NCTA asks FCC to dump Wheeler-era broadband privacy rules

FCC
The FCC's current regulatory environment was based on a 3-2 Democratic majority on the agency commission—a plurality that is going away with the shocking presidential win by far-right candidate Donald Trump, and the pending exit of FCC Chairman Tom Wheeler. 

The NCTA has petitioned (PDF) the FCC, asking the agency to roll back broadband-privacy regulations imposed on internet service providers last fall.

The industry advocacy group argued the regulations were "unnecessary, unjustified, unmoored from a cost-benefit assessment, and unlikely to advance the Commission’s stated goal of enhancing consumer privacy,” in the petition. NCTA is currently attempting to rebrand itself as the “Internet & Television Association.”

The petition came in just under a filing deadline Monday, and was met by similar filings from trade groups representing telecom companies, wireless carriers, tech companies and advertisers.

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The FCC passed the rules based on a 3-2 Democratic majority on the agency commission—a plurality that is going away with the shocking presidential win by far-right candidate Donald Trump, and the pending exit of FCC Chairman Tom Wheeler.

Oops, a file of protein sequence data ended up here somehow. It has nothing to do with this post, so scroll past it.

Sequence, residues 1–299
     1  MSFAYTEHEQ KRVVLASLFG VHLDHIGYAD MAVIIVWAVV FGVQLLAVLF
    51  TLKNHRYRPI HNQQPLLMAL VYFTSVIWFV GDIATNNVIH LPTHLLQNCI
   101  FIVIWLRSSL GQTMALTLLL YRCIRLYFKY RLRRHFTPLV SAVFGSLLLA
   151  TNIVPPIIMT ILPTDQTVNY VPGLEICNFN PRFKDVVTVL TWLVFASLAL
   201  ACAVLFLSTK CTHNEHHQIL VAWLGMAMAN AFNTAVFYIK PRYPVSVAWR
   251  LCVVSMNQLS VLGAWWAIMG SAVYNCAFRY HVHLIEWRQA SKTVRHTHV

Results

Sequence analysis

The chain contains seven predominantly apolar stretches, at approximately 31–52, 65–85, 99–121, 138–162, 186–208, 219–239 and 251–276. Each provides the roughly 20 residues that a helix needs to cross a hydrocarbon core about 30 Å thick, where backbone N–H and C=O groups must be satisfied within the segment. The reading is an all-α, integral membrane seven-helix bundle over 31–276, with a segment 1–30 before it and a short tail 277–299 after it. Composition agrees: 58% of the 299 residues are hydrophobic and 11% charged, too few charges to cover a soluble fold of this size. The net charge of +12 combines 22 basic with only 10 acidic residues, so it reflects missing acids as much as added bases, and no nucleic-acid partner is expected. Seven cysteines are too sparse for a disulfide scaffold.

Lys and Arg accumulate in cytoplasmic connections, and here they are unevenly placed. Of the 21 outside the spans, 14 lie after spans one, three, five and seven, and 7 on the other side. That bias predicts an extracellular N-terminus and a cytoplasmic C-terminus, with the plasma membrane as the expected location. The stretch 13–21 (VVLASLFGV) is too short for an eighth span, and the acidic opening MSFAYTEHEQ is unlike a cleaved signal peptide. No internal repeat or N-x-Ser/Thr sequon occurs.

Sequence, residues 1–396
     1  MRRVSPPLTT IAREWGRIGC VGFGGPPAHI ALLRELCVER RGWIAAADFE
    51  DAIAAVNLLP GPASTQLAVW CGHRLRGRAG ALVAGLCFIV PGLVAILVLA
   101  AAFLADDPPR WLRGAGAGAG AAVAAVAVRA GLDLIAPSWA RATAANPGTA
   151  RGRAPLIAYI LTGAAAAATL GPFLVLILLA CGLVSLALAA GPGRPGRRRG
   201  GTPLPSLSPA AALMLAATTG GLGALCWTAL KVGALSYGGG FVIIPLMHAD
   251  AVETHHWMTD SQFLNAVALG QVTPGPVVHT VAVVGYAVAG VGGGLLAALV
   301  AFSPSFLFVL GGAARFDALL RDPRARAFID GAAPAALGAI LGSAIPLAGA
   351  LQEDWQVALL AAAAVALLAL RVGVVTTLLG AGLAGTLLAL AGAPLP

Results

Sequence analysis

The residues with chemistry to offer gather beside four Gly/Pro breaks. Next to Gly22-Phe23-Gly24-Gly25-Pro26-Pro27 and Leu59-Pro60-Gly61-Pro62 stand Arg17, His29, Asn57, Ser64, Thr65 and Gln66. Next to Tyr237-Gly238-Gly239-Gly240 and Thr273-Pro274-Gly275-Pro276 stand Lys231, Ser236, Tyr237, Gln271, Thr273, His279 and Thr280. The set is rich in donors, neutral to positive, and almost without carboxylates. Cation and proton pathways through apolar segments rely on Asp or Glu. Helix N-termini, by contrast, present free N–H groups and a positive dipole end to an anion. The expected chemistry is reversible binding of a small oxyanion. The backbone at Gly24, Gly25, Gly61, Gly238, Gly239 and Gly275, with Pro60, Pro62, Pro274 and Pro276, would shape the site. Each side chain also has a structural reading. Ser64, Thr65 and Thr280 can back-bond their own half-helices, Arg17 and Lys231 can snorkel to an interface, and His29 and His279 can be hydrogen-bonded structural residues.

The rules are intended to keep ISPs like Comcast, Charter and Cox from abusing the behavioral data they collect on customers as they use the internet.

“Nothing in this election changed Americans' fundamental rights, or their need for privacy,” Matt Wood, policy director for the advocacy organization Free Press, told the Washington Post. “The election only gave more power to the party that would seemingly rather side with Comcast and other cable lobbyists than with their own constituents.”

Given the shifting political leverage in Washington, however, it is “Comcast and other cable lobbyists” who now have the last word.

In its filing, NCTA reiterated its long-held position: The regs exceed FCC authority, undermine well-established Federal Trade Commission governance and don’t target Google and other edge providers, who also handle sensitive consumer information on the internet.

“Congress did not authorize the Commission to regulate the privacy practices of internet service providers (ISPs) when it adopted the protections for customer proprietary network information (CPNI) set forth in Section 222 of the Communications Act. Nor did Congress empower the Commission to regulate the personally identifiable information (PII) collected and used by providers, or to restrict the use and sharing of device identifiers such as IP addresses,” the NCTA added.